Olympic champions Shelly-Ann Fraser-Pryce and Greg Rutherford laid down impressive markers here tonight in the last International Association of Athletics Federations’ Diamond League meeting before next month’s World Championships in Beijing.
Mutaz Essa Barshim, the second best high jumper in history, however, still has work to do if he is to succeed in China after suffering his fourth successive Diamond League defeat.
Persistent and sometimes heavy rain made life difficult for competitors in the historic setting of the 1912 Olympic Stadium - and indeed the 10,625 spectators who came to watch the first Stockholm meeting under the new sponsorship of Bauhaus - but Fraser-Pryce, Jamaica’s effervescent female sprinter lightened the gloom in the final event as she won her 100 metres in what was, given the conditions, a highly impressive time of 10.93sec.
Rutherford, who also has the European and Commonwealth titles to his name, produced three jumps beyond the reach of any of his competitors – 8.34 metres, 8.32m and 8.13m - before calling it a day with two rounds remaining and setting his sights on becoming only the fifth Briton to have the complete set of titles by winning gold in Beijing.
Barshim, however, still cannot get his mojo working - although he feels he is getting there.
Qatar’s world indoor high jump champion, who became the second best ever with a clearance of 2.43m last year and sailed over 2.41 in Eugene last month, only managed 2.29 here as he lost to JaCorian Duffield.
The 22-year-old from Wichita, Kansas, whose personal best is 2.34, went close to the limits of his ability on a chilly evening to win with a third-time clearance of 2.32.
The amiable Qatari athlete, who had prepared for this meeting by training in Malmo with his Swedish-based coach, Stan Szczyrba, looked as if he had sorted out some of his problems as he produced first time clearances at 2.20, 2.25 and 2.29.
But that was as far as it went.
Barshim, though, was inclined to look on the bright side afterwards: “I’m really happy, better than last week.
"There were a couple of jumps that were really good, pretty close to the win.
"It’s two points so they are really important for me - I’m still leading the Diamond Race.
"Now my focus is on my main goal of winning at the World Championships – but I need to improve technically.”
Fraser-Pryce’s performance offered further convincing evidence of how hard it will be for anyone to deprive her of her world 100m title next month – or indeed this year’s Diamond Race, in which she now has a four-point lead as she proceeds towards the final in Zurich on September 3.
But her world 200m title could be up for grabs as, having said before this meeting that her coach Steven Francis had ruled it back into the plans for Beijing, she announced after this race: “I’m not running the 200m - I’m telling my coach he has to change his mind.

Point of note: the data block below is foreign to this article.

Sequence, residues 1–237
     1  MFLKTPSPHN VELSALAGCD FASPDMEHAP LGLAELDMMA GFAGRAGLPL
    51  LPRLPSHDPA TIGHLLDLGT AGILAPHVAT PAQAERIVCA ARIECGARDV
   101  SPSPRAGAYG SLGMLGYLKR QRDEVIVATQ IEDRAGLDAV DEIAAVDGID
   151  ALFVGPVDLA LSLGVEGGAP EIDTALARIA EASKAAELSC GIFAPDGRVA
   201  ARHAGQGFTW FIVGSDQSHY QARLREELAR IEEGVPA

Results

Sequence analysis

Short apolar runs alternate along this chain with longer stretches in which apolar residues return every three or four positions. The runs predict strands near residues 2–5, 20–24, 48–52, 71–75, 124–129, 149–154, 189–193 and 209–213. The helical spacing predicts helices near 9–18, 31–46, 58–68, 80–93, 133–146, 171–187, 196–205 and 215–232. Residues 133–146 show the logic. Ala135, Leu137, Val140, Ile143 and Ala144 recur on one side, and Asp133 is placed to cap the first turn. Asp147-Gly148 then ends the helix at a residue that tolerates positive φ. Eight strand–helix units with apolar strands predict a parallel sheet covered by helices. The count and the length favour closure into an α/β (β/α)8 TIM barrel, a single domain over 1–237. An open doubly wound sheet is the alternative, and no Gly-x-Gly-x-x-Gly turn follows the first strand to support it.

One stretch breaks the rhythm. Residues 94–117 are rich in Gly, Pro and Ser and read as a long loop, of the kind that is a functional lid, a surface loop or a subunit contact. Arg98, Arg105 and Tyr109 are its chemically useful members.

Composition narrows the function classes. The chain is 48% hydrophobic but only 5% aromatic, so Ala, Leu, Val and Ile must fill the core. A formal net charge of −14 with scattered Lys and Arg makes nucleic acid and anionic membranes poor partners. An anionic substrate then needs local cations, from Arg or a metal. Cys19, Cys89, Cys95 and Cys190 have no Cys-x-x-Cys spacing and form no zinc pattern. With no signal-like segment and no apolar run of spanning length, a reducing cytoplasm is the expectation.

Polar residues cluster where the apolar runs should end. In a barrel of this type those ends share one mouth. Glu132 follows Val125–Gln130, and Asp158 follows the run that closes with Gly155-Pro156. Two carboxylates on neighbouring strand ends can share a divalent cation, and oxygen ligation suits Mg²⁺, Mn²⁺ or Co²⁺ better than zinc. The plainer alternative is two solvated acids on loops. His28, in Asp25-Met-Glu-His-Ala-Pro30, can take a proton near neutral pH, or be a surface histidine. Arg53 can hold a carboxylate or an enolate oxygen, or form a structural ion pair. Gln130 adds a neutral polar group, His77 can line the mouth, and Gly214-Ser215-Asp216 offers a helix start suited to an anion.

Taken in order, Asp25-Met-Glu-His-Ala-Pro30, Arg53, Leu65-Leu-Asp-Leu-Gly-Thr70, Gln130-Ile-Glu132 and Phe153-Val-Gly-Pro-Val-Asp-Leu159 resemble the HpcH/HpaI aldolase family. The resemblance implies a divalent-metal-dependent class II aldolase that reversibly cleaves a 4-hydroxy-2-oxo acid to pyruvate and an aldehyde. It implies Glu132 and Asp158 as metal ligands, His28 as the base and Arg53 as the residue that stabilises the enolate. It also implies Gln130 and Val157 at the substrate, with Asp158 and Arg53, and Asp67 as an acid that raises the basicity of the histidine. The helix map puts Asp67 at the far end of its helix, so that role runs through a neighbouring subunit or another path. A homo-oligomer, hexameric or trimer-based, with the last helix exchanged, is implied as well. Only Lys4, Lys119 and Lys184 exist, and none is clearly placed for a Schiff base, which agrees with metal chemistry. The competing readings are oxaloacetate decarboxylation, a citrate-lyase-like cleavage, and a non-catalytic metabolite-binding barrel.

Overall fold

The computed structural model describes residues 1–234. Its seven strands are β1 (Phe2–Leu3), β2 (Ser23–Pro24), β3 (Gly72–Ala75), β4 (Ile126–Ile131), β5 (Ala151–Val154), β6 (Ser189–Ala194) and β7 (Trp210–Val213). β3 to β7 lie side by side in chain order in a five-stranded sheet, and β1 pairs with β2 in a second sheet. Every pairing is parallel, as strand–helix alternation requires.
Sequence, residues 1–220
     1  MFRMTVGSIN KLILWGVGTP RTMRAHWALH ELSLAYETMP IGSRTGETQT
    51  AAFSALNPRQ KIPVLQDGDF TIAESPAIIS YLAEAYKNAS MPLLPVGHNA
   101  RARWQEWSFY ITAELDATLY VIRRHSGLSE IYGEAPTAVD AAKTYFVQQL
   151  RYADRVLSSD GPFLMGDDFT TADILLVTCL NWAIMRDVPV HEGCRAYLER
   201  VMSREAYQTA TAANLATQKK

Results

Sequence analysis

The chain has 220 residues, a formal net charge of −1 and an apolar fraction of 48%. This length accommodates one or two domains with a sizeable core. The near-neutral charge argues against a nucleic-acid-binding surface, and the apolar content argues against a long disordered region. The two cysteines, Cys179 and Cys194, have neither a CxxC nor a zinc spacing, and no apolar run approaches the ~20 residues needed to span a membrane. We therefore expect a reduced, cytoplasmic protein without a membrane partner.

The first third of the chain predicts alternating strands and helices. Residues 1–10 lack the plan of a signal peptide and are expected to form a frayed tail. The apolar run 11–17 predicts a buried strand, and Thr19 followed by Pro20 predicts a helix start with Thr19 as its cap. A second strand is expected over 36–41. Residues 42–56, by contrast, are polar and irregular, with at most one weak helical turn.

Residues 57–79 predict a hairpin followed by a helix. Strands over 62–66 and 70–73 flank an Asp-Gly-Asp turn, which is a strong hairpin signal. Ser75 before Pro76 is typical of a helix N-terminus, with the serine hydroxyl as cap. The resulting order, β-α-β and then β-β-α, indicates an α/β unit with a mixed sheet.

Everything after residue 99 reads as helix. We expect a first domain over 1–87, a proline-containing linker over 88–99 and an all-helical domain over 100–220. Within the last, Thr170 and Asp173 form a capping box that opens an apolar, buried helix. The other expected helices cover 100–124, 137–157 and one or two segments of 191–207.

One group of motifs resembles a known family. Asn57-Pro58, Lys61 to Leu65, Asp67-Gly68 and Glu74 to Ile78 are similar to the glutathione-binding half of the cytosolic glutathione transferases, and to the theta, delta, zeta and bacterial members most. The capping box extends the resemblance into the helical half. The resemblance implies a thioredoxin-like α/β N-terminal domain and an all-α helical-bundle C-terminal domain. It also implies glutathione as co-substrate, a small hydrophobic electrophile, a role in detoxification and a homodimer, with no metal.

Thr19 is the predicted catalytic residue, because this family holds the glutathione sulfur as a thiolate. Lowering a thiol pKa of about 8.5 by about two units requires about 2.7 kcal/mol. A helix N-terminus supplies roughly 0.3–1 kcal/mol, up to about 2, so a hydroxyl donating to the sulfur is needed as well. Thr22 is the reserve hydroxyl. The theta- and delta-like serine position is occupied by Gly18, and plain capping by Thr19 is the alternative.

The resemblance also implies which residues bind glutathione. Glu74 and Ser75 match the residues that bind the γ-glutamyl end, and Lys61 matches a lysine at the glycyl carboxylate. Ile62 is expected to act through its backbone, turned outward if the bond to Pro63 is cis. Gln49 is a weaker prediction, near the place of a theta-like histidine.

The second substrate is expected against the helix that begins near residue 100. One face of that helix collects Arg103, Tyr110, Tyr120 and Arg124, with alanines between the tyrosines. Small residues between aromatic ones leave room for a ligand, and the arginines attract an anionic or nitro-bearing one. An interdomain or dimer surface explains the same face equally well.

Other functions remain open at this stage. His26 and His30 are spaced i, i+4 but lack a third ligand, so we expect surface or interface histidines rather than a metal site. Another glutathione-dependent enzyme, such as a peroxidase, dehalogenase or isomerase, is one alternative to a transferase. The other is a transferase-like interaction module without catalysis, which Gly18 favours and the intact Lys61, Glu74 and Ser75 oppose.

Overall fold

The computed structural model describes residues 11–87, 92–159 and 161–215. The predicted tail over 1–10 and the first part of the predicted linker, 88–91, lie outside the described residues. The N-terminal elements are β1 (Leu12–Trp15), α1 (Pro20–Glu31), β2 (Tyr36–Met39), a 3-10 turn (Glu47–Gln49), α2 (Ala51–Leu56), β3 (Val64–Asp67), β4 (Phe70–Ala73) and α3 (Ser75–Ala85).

"The 200m is too far so I’m set for the 100m."
Watch this space…
Orlando Ortega, fastest man in the world this year over the 110m hurdles, produced a highly significant victory.
The winning time of 13.18 was well adrift of his season’s best of 12.94, but on a chilly evening that was of no consequence.
What did matter was that the 24-year-old former Cuban - whose decision to switch representation to Spain means he will not be eligible for next month’s World Championships in Beijing - left behind him all his main rivals the Diamond Race and reduced the margin of leader David Oliver, the United States world champion, to just two points.
The 33-year-old from Denver, Colorado, got out well here and was at least level with his younger opponent at the halfway point, but Ortega finished remorselessly despite knocking down the ninth hurdle as Oliver drifted back to third in 13.24 behind Russia’s European champion Sergey Shubenkov, who clocked 13.22.
Zuzana Hejnova is heading back to full form and fitness in ideal time to defend her world 400m hurdles title.
Having won in London the Czech Republic athlete, second in this year’s world lists with 53.76, secured her second Diamond League win in six days as she won in 54.37 on an evening that was already cooling as the sun slipped down behind the rim of the stadium.
The Czech athlete thus moves two points ahead of Kaliese Spencer of Jamaica, who has been unable to compete in the last week because of injury, although she was far from complacent afterwards.
Caterine Ibarguen, newly established as the Pan American Games triple jump champion, extended her winning run to 28 meetings with another demoralising performance – that is, if you were one of her opponents.
In the opening Diamond League event of the night, three-and-a-half hours before the main action got underway, the 31-year-old Colombian world champion produced five jumps – the best of them 14.69m - that were superior to anything anyone else could manage.
Ibarguen now has a 13-point lead ahead of the Zurich final – all she needs to do is turn up fit to compete to claim a hat-trick of Diamond Race trophies.
“The weather was not what I expected,” said Ibarguen.
“It was not nice, but I did the job. I feel great.
"Now I have 28 victories in a row.
"I’m working hard for Beijing and the gold medal is what I expect.”
Cuba’s Olympic silver medallist Yarisley Silva finished triumphant with a clearance of 4.81m in a women’s pole vault that turned into an intriguing tactical battle between herself and her two main rivals, Greece’s Diamond Race leader Niki Kiriakopoulou and Brazil’s 2011 world champion Fabiana Murer.